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Rachel Kellum





Buddha Woman Speaks and Surrenders, Again

Oh, it is you again
standing here within me,
dancing the darkest moon of my dish
washing, gnawing my hipped belly bowl

promising blood.
You tango through the terror
of my uninhabited dreams, rip
the seams of me where these

clothes donít fit, havenít fit
for years of moons at many sinks.
I try not to think about it, but you,
Blood Woman, you needle

to keep me true to who
I think I am, or wanted to be,
but I am always changing, see?
We never agree. You say throw the plates!

I say make them gleam.
I am tired of our existential arguing.
Of cutting myself in pieces for your uses:
Mother, writer, sister, teacher, lover, painter, blue.

You are ruthless, refuse to let me lose these faces.
If only we could multiply our tongue by two!
If only they could flap at once,
in absolute and relative bliss,

Laughing: this/not this! this/not this!
But you wonít have it.
You insist: this, this, this!
I canít resist. I drop a dish.




because iphones are poems, and i held yours

i want to slide my thumbs
across the screen of you, outward, opening
and opening into hidden windows, rolling
vistas and whispered songs where secret codes linger:
username: hauntingly_familiar@crestone.com
password: hello_ my god
intuitively, i would go.
in one window there would be space
for us to sing and spread
hot sauce across the lips
of countless tacos, abolishing hunger.
in another: the crimson heart of desert fields
with no roads and a waning gibbous morning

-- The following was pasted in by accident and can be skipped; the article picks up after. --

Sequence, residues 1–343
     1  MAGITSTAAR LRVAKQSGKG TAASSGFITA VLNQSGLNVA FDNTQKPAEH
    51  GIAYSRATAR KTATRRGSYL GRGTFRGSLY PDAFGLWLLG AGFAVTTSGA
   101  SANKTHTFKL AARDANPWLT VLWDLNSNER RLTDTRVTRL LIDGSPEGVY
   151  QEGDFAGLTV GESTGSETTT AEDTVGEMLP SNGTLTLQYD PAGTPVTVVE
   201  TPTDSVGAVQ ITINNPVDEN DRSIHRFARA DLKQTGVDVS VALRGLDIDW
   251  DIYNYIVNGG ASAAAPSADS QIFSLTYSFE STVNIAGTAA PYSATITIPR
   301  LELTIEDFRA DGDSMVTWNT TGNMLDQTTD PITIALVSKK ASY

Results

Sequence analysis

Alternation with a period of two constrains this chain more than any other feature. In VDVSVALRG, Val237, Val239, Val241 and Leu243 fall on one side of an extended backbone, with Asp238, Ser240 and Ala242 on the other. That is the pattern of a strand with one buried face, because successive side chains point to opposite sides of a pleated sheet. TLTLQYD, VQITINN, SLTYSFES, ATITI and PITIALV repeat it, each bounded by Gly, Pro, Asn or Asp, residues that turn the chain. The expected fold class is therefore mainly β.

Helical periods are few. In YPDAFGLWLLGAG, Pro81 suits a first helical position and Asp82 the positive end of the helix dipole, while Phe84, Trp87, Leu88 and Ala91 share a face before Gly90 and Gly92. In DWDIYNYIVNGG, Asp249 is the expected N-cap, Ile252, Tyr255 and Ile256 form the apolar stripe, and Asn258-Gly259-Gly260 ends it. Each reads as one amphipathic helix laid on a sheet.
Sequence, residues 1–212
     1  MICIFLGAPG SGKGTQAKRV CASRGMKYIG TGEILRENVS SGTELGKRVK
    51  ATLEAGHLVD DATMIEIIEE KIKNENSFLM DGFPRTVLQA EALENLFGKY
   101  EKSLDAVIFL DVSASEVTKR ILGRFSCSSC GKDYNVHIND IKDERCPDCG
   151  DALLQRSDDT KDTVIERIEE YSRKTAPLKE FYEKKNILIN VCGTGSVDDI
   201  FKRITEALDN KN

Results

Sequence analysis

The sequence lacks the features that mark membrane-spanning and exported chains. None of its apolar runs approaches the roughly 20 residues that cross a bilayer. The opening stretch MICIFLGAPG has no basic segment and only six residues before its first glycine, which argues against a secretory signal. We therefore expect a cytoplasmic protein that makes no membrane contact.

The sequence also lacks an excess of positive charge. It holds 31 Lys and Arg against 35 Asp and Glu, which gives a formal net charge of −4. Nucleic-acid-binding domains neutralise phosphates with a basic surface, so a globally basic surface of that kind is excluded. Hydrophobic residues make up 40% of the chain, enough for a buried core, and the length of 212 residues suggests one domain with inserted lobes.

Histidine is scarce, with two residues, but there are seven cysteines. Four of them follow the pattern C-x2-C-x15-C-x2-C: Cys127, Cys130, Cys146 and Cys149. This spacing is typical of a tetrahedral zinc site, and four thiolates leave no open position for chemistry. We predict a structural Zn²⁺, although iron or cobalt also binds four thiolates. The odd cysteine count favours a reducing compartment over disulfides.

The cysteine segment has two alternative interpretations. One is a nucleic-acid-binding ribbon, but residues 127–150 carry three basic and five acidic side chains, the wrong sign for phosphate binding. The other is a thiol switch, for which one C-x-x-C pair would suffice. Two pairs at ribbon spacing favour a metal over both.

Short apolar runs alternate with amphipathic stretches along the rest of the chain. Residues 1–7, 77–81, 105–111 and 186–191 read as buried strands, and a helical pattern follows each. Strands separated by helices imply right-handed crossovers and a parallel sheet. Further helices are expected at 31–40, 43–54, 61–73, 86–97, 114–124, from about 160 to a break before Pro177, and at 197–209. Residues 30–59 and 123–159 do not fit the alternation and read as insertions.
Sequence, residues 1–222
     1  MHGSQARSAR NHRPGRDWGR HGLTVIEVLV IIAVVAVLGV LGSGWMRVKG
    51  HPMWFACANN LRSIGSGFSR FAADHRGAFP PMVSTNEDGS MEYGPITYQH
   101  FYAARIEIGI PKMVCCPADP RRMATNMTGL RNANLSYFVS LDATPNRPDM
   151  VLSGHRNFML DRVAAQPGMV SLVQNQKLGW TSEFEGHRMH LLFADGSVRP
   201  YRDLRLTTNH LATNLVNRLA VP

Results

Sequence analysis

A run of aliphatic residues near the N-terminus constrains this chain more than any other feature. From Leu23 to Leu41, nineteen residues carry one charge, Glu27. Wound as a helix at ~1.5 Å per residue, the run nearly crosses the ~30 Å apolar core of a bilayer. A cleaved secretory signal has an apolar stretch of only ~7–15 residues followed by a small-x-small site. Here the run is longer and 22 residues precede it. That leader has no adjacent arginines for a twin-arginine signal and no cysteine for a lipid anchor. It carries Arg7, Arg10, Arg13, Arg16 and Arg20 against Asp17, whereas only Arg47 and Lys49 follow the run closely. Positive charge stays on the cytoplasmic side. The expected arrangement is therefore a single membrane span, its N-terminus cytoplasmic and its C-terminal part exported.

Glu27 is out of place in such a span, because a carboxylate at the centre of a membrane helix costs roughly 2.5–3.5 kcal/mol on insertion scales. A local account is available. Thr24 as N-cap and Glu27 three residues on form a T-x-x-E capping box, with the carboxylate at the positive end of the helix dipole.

moon promising more than future fullness.
i would glide into and through the
labyrinthine libraries of your mind,
run my fingers down electric spine upon spine,
and never tire, invite you into mine,
already youíve found the door in,
my margins awaiting your eyes.
click shrine and find adorned dakini breasts,
bejeweled beneath thangkas
of majestic blue cocks
dancing in flame, blaming no one
for too much attachment, allowing longing.
further in: a room of beds with singing springs
no one would hear but us, springs shrieking,
screaming wild with our choked breath
and shocked eyes and golden light beaming
shooting, streaming from pores, and more.
more, there would be more places
than we can fathom from this place
where massive indifferent thumbs
of circumstance slide inward
and inward across you, across me, across
a bench by a moonlit stupa, receding,
receding, the print too small to read,
my thumbs too small to reach the screen,
farther away than my hips can comprehend
circumambulating the memory of your hands,
turning and turning toward you, this heart
looking for your gentle thumbs,
but the sky, abundantly prudent,
has swallowed you whole.





©2008 by Rachel Kellum

Rachel Kellum's poems have appeared in Barnwood Magazine, The Nieve Roja Review, Greyrock Review, and Blood Lust. Her creative non-fiction -- childbirth narratives that resist and revise the technocratic language of birth -- are featured in the book, Journey into Motherhood. An Illinois native, Kellum has lived in Colorado fourteen years, and currently teaches writing, literature, humanities, and oil painting at Morgan Community College, where the plains have curiously claimed her again. Her visual art can be viewed online at Rachel Kellum Fine Art.


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